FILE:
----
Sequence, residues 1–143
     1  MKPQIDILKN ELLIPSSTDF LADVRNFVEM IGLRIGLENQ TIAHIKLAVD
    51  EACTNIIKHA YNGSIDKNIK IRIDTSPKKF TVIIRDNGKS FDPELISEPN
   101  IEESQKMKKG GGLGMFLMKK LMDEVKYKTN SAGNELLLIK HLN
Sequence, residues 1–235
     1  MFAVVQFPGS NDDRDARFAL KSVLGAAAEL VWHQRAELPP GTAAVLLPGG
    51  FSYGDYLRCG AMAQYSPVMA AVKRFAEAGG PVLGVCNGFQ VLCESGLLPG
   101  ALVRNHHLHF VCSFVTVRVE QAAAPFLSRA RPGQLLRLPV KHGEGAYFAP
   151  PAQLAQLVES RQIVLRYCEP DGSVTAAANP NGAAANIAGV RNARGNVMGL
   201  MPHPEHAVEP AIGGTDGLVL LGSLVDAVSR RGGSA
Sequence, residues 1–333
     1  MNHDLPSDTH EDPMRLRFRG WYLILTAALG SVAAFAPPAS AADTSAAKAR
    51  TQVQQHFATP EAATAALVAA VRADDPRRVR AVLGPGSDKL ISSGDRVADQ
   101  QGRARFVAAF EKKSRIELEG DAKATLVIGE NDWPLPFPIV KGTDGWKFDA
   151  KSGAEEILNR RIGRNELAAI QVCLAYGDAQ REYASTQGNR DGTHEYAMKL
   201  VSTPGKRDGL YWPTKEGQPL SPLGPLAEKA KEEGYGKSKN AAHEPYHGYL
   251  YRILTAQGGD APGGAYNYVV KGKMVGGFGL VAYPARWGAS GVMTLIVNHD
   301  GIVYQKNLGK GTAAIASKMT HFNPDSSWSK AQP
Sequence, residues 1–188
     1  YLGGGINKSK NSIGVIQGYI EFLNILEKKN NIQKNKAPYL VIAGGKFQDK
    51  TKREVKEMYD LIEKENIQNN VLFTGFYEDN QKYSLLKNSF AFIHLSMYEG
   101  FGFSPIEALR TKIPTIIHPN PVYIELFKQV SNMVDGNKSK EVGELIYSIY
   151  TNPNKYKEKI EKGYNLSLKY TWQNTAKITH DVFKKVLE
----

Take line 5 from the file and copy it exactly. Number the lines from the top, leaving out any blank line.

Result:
Sequence, residues 1–235